We’re popular – but with the wrong people

Written By: - Date published: 2:25 pm, October 5th, 2008 - 10 comments
Categories: admin - Tags: , ,

Lynn PrenticeAfter a lot of work both by a few e-mails from people here and by the good services of some people on nz.comp (google seems to be a little behind on the messages) I finally found the link to the malware site that was attached itself to the site footer.

The material that it was trying to introduce to people reading the site may include various forms of backdoors. It would be adviseable to run a good virus scan on your system if you have read the site in the last couple of weeks. Corporate systems shouldn’t have had an issue because the site it was linking to has been a well known chinese malware site for a long time.

The anti-virus/malware scans missed it at the server because it was a new variant of an old problem (the same one I had in march), targeted specifically at wordpress sites using what is evidently is still a open vunerability. My own checking of the site missed it because it had managed to leave all of the file attributes of the file (size, times, etc) exactly the same as the origionals. My attempts to see what people were reporting had failed because it only emitted the malware link out periodically. A dump of the web page at the client side by Stephen Worthington allowed me to see exactly what it was doing.

The vunerability it was exploiting was meant to have been fixed in wordpress 2.5, however they seem to have found another vunerability. The downside of having open source software is that it is possible to read the code looking for holes. I’ve done some things to reduce possible problems, but I now have MD5 hash check of the files running periodically which will fix the problem if it happens again. I’ve also reported the details to wordpress and a couple of other sites.

But there are some very creative people out there writing this stuff, and evidently this site is popular with them.

Lynn

10 comments on “We’re popular – but with the wrong people”

  1. r0b 1

    Oh hurrah!

    if you have read the site in the last couple of weeks.

    Once or twice…

    So, do you have any idea as to what to look for (by way of backdoor payloads) on our systems? What files where?

    Is MacOS X affected?

  2. lprent 2

    Mostly what it did was to set a cookie on thestandard.org.nz with the name ‘yagh’. It then attempted to bring in links from a site in china. Which then branched off into other sites (about 15). It did it once and then stopped doing it – the code said that it only did it if the cookie wasn’t present.

    I have a log (on the nz.comp) of what it was trying to do in one instance – starts at gstats (dot) com. I’m not too sure exactly what in the hell it was doing (and I’m unwilling to go to the sites to find out).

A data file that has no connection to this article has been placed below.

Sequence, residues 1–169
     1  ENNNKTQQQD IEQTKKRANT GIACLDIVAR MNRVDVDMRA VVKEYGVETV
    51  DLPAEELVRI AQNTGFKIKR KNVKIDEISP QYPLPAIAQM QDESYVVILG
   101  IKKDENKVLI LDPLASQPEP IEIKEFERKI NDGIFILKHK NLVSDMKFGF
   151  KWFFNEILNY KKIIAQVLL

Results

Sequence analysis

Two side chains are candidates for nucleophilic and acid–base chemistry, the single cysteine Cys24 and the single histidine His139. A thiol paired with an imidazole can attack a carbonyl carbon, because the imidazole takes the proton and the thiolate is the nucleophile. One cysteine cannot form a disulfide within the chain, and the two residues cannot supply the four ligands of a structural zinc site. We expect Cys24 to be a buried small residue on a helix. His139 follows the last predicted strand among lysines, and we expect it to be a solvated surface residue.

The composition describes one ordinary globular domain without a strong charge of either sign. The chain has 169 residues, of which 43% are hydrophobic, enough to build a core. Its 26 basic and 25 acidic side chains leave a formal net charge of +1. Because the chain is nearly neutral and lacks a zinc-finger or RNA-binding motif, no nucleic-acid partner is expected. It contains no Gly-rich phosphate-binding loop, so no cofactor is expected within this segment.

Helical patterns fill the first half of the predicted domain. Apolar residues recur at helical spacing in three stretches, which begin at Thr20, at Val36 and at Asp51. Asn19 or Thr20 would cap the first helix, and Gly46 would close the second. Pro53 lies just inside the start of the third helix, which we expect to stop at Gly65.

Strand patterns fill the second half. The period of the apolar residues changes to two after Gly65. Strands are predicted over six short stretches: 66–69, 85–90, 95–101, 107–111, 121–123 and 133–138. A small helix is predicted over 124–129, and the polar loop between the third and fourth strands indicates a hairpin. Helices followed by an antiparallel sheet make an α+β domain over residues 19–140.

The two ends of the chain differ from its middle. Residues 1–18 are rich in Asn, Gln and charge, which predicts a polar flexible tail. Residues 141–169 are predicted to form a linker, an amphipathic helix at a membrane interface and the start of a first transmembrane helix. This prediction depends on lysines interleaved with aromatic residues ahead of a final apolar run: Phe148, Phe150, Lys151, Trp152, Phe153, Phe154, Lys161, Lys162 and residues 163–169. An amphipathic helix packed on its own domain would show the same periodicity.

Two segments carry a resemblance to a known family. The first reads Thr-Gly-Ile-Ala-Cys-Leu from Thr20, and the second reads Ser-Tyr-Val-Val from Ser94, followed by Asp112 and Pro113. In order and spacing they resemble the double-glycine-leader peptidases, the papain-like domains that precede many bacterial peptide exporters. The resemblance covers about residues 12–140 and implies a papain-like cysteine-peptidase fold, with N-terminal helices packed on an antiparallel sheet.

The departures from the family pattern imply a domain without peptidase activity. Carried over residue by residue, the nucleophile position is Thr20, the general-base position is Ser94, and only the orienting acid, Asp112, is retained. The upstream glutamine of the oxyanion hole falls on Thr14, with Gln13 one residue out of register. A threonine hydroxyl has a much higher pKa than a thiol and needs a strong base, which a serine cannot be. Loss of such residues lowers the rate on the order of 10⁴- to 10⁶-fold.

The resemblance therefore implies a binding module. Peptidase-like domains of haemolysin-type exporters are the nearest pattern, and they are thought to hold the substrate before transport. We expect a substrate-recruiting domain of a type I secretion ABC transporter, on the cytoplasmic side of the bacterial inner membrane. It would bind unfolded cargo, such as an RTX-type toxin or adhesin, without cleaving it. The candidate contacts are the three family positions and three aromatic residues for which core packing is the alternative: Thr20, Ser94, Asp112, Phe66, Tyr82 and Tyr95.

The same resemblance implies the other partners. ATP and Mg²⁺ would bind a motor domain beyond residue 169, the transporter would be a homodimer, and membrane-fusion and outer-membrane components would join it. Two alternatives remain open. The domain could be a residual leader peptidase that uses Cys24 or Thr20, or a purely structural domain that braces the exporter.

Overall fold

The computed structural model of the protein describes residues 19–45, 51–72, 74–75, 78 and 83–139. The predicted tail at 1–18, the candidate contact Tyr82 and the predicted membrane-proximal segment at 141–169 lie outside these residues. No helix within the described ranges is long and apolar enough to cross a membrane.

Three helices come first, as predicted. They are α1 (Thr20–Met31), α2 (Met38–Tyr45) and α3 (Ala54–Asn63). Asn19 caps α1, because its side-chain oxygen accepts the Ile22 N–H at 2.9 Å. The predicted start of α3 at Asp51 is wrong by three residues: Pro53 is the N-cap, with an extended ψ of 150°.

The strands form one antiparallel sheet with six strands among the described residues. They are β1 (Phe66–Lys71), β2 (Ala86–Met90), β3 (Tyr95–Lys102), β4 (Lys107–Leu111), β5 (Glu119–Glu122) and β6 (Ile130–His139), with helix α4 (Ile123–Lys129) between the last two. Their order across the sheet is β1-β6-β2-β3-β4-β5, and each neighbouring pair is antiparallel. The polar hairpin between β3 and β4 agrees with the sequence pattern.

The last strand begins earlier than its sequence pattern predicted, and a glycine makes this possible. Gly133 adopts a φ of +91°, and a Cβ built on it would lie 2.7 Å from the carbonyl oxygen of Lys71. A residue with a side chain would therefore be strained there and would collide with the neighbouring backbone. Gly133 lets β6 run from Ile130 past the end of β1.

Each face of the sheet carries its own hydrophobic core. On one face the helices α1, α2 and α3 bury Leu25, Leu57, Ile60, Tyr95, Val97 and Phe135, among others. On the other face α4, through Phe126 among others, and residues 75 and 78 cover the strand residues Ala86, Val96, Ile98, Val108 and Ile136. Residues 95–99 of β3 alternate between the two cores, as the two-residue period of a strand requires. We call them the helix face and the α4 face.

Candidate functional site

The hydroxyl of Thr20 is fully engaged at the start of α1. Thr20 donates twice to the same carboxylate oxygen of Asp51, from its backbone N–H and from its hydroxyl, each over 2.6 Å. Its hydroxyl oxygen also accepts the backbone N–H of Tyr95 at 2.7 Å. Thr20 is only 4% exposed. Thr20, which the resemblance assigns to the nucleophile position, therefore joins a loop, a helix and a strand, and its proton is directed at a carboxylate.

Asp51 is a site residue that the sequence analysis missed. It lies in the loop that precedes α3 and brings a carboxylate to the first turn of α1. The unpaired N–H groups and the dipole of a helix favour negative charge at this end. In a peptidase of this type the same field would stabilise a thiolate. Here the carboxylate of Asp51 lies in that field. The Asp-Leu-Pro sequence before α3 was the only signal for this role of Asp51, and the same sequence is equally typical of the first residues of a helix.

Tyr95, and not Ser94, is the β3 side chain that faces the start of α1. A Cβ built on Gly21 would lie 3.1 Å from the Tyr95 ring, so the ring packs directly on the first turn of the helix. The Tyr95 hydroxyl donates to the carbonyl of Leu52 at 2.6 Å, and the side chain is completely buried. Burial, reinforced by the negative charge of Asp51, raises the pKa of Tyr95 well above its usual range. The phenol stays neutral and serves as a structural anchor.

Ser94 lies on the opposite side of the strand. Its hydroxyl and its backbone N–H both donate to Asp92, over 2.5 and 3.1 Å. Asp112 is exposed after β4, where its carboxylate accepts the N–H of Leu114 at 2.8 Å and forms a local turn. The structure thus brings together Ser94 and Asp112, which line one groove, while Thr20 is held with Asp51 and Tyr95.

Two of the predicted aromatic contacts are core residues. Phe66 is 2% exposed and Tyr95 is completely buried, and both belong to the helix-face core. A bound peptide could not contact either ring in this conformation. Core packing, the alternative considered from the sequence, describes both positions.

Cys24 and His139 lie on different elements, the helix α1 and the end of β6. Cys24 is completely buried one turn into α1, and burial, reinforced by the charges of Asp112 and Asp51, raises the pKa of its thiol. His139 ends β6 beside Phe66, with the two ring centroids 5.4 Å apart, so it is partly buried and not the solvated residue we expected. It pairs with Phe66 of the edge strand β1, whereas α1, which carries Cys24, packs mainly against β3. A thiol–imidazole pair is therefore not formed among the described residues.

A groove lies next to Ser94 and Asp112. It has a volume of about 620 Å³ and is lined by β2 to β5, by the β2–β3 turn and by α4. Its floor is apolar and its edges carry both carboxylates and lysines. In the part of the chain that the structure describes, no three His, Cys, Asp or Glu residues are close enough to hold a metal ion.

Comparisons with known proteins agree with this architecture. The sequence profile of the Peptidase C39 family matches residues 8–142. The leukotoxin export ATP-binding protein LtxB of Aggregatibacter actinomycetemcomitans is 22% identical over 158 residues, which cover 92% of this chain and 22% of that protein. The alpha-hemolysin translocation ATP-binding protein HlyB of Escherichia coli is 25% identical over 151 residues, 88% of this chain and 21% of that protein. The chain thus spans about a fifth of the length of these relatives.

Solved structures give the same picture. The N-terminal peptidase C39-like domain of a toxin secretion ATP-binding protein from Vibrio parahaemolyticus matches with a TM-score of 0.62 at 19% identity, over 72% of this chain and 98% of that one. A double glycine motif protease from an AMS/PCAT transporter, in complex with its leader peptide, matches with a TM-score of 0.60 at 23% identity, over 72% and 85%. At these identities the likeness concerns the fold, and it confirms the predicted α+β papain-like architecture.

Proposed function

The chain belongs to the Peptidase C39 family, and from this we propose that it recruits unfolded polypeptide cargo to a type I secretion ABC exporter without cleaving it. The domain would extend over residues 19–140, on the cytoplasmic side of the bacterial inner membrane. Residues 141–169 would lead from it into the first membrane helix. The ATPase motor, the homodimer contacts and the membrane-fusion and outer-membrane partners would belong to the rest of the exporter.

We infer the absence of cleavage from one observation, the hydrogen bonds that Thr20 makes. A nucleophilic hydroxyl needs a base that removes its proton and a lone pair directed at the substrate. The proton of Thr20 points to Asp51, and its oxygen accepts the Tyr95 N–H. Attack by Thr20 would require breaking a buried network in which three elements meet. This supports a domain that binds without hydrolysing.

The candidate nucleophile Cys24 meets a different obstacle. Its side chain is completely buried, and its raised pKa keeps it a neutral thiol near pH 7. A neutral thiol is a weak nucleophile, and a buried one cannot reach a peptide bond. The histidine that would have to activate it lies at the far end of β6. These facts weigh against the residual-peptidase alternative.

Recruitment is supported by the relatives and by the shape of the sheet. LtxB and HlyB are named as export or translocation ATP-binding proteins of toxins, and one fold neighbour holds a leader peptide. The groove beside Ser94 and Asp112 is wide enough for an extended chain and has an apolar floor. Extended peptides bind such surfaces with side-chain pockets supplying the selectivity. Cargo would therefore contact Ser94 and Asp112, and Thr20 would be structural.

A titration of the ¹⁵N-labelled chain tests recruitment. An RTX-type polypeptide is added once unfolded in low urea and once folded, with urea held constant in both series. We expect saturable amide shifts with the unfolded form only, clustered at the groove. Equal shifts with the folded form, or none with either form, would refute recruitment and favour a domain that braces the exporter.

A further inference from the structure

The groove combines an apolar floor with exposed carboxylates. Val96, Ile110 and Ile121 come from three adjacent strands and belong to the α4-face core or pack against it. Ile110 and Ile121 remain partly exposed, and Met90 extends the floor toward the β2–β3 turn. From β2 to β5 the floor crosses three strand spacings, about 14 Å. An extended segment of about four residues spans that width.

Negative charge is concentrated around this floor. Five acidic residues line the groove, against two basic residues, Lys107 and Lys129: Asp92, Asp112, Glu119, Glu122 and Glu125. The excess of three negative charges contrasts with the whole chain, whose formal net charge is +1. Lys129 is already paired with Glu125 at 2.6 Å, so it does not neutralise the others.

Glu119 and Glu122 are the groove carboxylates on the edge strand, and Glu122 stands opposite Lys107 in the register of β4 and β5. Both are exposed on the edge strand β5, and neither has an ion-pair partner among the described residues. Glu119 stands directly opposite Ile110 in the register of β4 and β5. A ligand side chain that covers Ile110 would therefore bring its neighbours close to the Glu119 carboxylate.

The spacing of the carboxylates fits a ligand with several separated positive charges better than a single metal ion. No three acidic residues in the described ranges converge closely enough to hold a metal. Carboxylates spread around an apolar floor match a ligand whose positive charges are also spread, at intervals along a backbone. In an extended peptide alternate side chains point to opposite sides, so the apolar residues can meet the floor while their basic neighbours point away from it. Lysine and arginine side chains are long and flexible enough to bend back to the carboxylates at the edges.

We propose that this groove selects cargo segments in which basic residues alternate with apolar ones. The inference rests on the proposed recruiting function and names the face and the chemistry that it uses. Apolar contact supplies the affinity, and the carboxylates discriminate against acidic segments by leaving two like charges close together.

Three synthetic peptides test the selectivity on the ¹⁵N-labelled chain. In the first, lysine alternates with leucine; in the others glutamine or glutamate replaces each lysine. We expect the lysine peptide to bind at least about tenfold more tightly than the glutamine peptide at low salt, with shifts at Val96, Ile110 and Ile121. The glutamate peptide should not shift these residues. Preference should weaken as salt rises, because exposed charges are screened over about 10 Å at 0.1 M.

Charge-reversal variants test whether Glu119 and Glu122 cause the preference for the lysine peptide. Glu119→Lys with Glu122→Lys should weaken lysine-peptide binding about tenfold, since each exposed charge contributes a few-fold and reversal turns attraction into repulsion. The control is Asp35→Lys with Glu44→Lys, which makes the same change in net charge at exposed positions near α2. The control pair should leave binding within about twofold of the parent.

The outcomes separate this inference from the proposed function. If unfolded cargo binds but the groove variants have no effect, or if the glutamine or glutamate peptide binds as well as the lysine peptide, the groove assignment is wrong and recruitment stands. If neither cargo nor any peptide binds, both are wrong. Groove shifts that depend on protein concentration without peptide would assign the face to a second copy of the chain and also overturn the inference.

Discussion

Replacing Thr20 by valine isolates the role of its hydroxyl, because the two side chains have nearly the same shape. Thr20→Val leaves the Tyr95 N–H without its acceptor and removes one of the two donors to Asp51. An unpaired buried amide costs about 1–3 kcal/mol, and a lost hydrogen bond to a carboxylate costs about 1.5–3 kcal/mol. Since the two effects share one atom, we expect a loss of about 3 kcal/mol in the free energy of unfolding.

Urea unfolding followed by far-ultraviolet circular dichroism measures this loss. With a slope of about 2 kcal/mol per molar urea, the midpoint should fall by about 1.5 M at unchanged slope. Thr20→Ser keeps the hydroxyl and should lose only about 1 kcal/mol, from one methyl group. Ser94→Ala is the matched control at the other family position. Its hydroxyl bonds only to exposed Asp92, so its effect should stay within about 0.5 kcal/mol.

Most of them are probably just trying to raise the google rank. But it is a good bet that at least some of them tried to install something.

    I’ve never seen any of this going on. I got the cookie but got silent blocking on the rest. When I cleared the cookie and made the AV non-silent, then I got a series of malware site warnings.

  3. Draco T Bastard 3

    The downside of having open source software is that it is possible to read the code looking for holes.

    That’s also the upside. I suspect that there are more people reading the code who will be honest and report, and possibly fix, the vulnerability than will be people looking for a back door.

  4. Rex Widerstrom 4

    It hit me and I ran screaming (well, figuratively) away and ran various checks which came up with nothing. But I’ll do it again now I have some idea of what to look for.

    Thanks for your sterling efforts, Lynn. You really should have some sort of mask, cape, and maybe a lycra suit (I’m sure Michael Laws can spare one from his wardrobe).

    As an aside, I can understand spending time on creating these annoyances to gain something (e.g. a higher Google ranking, which = hits which, they hope, = money). But I’ve never got my head round the idiots who merely create destruction. I mean yes, we know Microsoft is the Evil Empire with buggy software and more holes than a pole dancer’s crotch piece. Unleashing yet another piece of malware isn’t telling us anything new :-/

  5. Emma 5

    Thank you Lyn.I was frightened as I thought I had been hit up the backdoor by some nasty thing.

  6. r0b 7

    (duplicate could be removed – ta)

    Mostly what it did was to set a cookie on thestandard.org.nz with the name ‘yagh’.

    Mine has ‘yahg’ so I’m guessing your typo above. Thanks, and let us know if anything crops up that we should be testing for / looking out for.

  7. Tara 8

    Treat it as a perverse compliment – we must be doing something right.

    MacOS X is based on a version of BDS Linux and should not be affected.

    Fine Hacking, Lynn ..

  8. r0b 9

    Yes (BSD Unix) that means we’re almost certainly safe, given that most malware targets the Windows monoculture, but you never know. I had a Mac virus once back in 1993, so anything’s possible, one day I might get another…

  9. Phil 10

    I was frightened as I thought I had been hit up the backdoor by some nasty thing.

    Giggity Giggity!!! Oh yeah…

    Quagmire is my hero

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